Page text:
New Point Loma Lighthouse

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Point Loma Light
New Point Loma
Point Loma Lighthouse.jpg
Point Loma Lighthouse
New Point Loma Lighthouse is located in California
New Point Loma Lighthouse
New Point Loma Lighthouse is located in the United States
New Point Loma Lighthouse
New Point Loma Lighthouse (the United States)
LocationPoint Loma, San Diego
United States
Coordinates32°39′54″N 117°14′33″W / 32.665071°N 117.242621°W / 32.665071; -117.242621Coordinates: 32°39′54″N 117°14′33″W / 32.665071°N 117.242621°W / 32.665071; -117.242621
Year first lit1891
Foundationconcrete base
Constructionmetal skeletal tower
Tower shapesquare pyramidal tower with central cylinder, balcony and lantern
Markings / patternwhite tower, black lantern and watch room
Tower height70 feet (21 m)
Focal height88 feet (27 m)
Original lensThird order Fresnel lens
Current lensVLB-44
Range22 nautical miles (41 km; 25 mi)
CharacteristicFl W 15s.
Fog signal1 blast every 30s.
Admiralty numberG3676
ARLHS numberUSA-626
USCG number6-0005[1][2] [3]
Managing agentUnited States Coast Guard

The New Point Loma Lighthouse (officially Point Loma Light) is a lighthouse at the southern tip of the Point Loma peninsula in San Diego, California.


It was first lighted on March 23, 1891, replacing the Old Point Loma Lighthouse which is atop the 400 feet (120 m) cliffs of Point Loma; the old lighthouse was often obscured by fog. The new light is only 88 feet (27 m) above the water. The first lighthouse keeper was Robert Decatur Israel, who had been keeper at the old lighthouse for 18 years.[4]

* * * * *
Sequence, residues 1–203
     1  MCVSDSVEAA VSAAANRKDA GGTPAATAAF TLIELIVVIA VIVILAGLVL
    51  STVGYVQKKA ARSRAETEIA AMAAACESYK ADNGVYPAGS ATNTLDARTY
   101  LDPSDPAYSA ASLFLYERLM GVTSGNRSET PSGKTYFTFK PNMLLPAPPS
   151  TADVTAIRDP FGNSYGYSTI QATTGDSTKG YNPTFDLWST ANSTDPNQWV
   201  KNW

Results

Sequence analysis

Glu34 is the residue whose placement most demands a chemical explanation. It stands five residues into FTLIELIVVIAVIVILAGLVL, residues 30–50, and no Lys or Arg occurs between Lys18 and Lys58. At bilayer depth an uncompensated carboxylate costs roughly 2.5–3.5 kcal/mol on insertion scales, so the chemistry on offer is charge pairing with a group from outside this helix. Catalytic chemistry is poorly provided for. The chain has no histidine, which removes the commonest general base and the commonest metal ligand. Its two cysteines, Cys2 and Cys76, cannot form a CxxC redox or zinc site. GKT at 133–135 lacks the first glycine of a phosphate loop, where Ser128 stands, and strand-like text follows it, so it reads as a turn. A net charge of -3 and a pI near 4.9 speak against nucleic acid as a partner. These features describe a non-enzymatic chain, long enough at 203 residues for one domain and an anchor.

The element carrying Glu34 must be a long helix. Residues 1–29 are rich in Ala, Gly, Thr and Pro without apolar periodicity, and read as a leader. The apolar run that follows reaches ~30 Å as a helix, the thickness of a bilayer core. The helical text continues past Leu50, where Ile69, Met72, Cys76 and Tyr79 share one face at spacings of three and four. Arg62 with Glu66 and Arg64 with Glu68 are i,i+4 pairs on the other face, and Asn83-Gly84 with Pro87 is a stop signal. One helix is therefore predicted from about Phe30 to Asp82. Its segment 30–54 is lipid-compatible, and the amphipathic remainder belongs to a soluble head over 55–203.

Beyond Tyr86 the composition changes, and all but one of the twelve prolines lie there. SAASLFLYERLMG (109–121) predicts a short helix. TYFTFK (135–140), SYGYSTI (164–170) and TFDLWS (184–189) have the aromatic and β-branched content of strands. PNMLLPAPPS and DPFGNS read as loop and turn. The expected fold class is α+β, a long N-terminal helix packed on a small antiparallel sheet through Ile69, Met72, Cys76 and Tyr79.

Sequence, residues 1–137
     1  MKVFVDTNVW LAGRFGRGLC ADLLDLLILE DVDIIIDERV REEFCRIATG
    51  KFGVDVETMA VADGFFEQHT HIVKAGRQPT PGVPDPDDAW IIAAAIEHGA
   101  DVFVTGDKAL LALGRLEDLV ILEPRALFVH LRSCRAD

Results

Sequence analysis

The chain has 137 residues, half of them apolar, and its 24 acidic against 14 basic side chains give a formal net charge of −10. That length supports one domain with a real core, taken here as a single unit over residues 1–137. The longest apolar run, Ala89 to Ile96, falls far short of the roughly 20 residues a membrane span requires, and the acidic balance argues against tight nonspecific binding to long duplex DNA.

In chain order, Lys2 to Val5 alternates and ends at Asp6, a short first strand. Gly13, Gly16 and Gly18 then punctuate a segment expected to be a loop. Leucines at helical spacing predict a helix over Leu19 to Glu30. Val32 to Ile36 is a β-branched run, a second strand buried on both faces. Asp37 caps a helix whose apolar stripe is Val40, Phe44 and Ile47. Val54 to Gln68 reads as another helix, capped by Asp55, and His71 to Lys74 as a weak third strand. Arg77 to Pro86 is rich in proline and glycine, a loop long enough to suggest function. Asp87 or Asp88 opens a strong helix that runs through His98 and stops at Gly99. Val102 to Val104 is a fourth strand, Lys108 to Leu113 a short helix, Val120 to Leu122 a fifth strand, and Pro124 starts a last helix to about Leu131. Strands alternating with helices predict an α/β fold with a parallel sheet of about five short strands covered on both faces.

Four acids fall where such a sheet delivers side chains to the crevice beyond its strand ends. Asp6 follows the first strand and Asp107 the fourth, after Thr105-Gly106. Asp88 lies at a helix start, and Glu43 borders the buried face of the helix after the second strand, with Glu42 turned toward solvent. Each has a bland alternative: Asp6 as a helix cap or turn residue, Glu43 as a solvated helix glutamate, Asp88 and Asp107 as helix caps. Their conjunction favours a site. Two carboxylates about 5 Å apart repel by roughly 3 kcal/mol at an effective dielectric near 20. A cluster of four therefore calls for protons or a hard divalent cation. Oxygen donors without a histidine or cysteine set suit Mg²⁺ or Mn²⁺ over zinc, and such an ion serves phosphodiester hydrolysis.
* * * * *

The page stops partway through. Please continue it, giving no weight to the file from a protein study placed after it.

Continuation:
The original light was 600,000 candlepower and could be seen at a distance of approximately 15 nautical miles. There was also a two-tone diaphone fog horn and living quarters for several families.[1]

The structure is the only pyramidal skeletal lighthouse remaining on the West Coast. It is very similar to Coney Island Light, Plum Island Range Rear Light, La Pointe Light, and Duluth South Breakwater Inner Light, all of which were built at about the same time.[3] The latter three of these are all on the National Register of Historic Places.

The light was automated in 1973.[1] In February 2013, the light that had been in use since 1999 was replaced with a VLB-44. The LED apparatus reduces the maintenance cost of the lighthouse and is brighter than the previous light.[5]

See also[edit]


  1. ^ a b c "Historic Light Station Information and Photography: California". United States Coast Guard Historian's Office. Archived from the original on 2017-05-01.
  2. ^ Light List, Volume VI, Pacific Coast and Pacific Islands (PDF). Light List. United States Coast Guard. 2012. p. 1.
  3. ^ a b Rowlett, Russ. "Lighthouses of the United States: Central and Southern California". The Lighthouse Directory. University of North Carolina at Chapel Hill.
  4. ^ "Life at the Lighthouse - Family Memories". Cabrillo National Monument. National Park Service. Retrieved 29 March 2013.
  5. ^ Jeanette Steele (6 February 2013). "Changing of the bulb: Point Loma lighthouse goes green". San Diego Union Tribune. Archived from the original on 12 April 2013. Retrieved 31 March 2013.

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